Monday, September 22, 2008

Autism Position of the Liberal Party of Canada

The Liberal Party of Canada recognizes the challenges that autistic Canadians face, as well as those affected by autism. That is why we had invested $16.2 million in autism research grants, which funded 32 separate projects. Although the delivery of health care services falls under provincial and territorial jurisdiction, a Liberal government would be open to discussions with the provinces, territories and relevant stakeholders about considerations for those who are living with or affected by autism.

Although the delivery of health care services falls under provincial and territorial jurisdiction, a Liberal government would be open to discussions with the provinces, territories and relevant stakeholders about considerations for those who are living with or affected by autism."

The above information follows a backgrounder on autism and autism issues in Canada from the perspective of the Liberal Party of Canada. This information was provided by a Liberal Party staffer to a representative of an autism organization and appears to be the official Liberal Party position. It essentially offers dialogue but makes no commitments for federal funding of autism treatment. It is a very weak and disappointing statement from the party of Charlottetown MP Shawn Murphy, the author of private members Bill C-304, which sought amendment of the Canada Health Act to include ABA treatment for autism. Most Liberal MPs, including Stephane Dion, voted in support of that motion. Now they make no commitment except to talk in the future.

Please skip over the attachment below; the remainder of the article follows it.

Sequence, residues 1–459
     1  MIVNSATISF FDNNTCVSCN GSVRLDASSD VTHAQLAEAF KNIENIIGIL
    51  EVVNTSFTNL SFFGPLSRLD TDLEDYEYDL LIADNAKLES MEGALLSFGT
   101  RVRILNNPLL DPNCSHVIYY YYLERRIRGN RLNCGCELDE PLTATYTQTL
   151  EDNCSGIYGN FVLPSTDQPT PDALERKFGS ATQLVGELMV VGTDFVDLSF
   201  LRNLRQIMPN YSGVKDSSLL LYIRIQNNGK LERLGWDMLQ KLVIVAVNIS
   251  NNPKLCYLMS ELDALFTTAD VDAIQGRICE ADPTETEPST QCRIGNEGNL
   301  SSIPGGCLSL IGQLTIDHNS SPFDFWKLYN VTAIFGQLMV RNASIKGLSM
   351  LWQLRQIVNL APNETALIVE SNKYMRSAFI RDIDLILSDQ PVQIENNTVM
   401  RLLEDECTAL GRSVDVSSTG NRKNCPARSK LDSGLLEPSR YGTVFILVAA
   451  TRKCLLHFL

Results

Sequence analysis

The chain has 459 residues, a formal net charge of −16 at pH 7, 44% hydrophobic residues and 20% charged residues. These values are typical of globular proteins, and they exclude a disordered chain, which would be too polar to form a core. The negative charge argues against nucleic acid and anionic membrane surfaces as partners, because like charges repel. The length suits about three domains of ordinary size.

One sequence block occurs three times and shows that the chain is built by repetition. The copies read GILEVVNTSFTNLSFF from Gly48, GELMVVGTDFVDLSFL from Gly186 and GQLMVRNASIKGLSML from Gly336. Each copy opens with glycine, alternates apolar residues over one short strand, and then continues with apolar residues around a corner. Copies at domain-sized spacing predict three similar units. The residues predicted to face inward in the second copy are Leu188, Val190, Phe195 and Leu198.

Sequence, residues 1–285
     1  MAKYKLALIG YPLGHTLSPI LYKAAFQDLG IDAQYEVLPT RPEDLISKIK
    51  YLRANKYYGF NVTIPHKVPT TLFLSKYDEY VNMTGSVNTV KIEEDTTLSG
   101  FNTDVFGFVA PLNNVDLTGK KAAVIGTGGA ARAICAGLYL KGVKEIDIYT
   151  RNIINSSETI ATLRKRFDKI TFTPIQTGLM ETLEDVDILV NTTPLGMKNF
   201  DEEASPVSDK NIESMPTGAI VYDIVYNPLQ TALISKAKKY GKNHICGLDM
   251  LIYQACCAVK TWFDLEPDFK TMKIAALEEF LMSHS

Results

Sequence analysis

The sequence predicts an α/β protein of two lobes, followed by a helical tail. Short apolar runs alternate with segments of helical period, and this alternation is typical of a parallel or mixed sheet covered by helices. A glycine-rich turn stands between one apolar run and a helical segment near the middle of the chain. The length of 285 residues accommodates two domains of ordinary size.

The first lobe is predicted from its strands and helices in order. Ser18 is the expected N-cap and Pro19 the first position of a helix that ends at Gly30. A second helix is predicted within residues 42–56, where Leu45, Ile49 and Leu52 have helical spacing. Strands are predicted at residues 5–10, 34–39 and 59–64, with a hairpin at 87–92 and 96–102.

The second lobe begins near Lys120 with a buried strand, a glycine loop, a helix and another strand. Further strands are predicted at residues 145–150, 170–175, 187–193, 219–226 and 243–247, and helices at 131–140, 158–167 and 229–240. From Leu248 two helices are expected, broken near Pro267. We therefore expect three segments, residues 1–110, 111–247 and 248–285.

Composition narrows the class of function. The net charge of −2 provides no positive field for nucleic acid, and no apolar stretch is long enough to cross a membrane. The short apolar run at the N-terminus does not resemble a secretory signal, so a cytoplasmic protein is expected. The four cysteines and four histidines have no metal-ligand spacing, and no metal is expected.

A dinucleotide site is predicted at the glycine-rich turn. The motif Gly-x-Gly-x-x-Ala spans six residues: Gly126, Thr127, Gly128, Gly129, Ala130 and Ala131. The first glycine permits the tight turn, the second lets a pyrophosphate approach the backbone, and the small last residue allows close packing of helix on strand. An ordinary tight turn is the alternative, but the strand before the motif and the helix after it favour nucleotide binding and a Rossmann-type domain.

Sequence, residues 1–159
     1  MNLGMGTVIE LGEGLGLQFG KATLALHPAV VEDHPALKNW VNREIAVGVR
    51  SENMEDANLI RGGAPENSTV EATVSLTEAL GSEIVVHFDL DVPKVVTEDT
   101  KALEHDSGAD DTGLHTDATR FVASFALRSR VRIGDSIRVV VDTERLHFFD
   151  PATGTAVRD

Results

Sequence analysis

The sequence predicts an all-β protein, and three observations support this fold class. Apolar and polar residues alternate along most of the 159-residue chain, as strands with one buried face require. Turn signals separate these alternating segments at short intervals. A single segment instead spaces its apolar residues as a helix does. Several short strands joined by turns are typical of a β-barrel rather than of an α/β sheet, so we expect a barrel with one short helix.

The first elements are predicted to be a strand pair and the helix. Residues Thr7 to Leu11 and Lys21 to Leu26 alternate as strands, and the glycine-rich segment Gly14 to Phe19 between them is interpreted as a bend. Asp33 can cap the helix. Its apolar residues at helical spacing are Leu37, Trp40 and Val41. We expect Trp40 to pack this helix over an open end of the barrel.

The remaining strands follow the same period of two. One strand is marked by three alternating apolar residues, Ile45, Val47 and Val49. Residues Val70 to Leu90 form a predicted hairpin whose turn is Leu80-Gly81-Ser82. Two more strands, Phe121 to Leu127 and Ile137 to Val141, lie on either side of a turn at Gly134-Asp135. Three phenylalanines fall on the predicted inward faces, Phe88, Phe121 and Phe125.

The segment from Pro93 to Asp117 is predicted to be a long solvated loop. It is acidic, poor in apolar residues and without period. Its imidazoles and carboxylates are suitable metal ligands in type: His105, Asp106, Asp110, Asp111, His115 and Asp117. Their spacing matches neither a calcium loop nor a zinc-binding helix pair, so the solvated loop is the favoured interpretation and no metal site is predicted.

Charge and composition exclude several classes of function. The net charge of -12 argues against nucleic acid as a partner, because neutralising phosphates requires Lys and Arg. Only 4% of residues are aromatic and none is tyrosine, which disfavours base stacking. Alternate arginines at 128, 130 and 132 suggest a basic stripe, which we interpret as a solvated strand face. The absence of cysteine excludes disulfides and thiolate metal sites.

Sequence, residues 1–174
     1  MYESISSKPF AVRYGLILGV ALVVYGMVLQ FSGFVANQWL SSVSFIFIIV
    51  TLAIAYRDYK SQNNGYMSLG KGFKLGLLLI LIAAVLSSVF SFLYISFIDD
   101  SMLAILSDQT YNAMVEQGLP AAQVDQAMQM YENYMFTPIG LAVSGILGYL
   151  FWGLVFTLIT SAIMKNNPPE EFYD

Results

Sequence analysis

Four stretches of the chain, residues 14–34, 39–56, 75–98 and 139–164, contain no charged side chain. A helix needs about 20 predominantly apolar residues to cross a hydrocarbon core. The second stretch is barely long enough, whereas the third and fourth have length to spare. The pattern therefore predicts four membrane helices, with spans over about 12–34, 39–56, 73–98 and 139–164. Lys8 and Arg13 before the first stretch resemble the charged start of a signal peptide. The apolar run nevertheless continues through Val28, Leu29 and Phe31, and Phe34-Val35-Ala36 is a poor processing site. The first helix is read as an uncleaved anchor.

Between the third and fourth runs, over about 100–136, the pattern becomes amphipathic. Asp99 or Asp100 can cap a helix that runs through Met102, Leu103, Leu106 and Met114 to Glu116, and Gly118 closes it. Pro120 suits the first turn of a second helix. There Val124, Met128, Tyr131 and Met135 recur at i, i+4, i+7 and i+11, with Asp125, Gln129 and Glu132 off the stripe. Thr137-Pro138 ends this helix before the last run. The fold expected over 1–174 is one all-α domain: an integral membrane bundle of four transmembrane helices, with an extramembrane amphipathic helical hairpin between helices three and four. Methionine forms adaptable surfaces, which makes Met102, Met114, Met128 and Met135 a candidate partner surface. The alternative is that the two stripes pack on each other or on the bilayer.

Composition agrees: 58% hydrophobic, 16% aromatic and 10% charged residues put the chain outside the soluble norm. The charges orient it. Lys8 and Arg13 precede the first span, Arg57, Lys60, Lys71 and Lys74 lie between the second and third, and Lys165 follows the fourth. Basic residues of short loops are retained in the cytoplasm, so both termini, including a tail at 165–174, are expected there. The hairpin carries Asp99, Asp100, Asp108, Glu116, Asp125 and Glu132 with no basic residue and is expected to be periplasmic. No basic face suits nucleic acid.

Meanwhile autistic children across Canada will be going without the effective treatment they need.



1 comment:

Marni Wachs (Zuke) said...

Maybe there is a way to unite the vast majority of the autism community into a single entity that is heard. That is, ABA advocates with some other groups that exists out there.

I know nobody wants to compromise their vision, but ultimately numbers = action. Like anything that people are passionate about, divisions develop and tend to keep us from being a formidable group, when we hae so much in common. We're all trying to help our kids (or ourselves for those with ASD) to live the very best possible overall quality of life, including being a contributing member of society if possible in the functional economic sense.

What do others think?